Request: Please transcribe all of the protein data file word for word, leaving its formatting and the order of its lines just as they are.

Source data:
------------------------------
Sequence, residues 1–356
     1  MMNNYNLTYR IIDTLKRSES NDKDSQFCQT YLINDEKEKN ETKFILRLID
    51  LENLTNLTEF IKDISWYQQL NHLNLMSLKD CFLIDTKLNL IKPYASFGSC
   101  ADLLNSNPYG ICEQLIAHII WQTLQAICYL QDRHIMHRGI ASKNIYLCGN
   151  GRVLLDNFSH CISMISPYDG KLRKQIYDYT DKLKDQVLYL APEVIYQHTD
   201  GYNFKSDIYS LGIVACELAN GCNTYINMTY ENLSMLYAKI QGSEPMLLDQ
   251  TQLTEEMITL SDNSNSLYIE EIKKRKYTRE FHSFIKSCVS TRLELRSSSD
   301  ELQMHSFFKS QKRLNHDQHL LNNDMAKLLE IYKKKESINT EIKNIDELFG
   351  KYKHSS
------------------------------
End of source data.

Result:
Sequence, residues 1–356
     1  MMNNYNLTYR IIDTLKRSES NDKDSQFCQT YLINDEKEKN ETKFILRLID
    51  LENLTNLTEF IKDISWYQQL NHLNLMSLKD CFLIDTKLNL IKPYASFGSC
   101  ADLLNSNPYG ICEQLIAHII WQTLQAICYL QDRHIMHRGI ASKNIYLCGN
   151  GRVLLDNFSH CISMISPYDG KLRKQIYDYT DKLKDQVLYL APEVIYQHTD
   201  GYNFKSDIYS LGIVACELAN GCNTYINMTY ENLSMLYAKI QGSEPMLLDQ
   251  TQLTEEMITL SDNSNSLYIE EIKKRKYTRE FHSFIKSCVS TRLELRSSSD
   301  ELQMHSFFKS QKRLNHDQHL LNNDMAKLLE IYKKKESINT EIKNIDELFG
   351  KYKHSS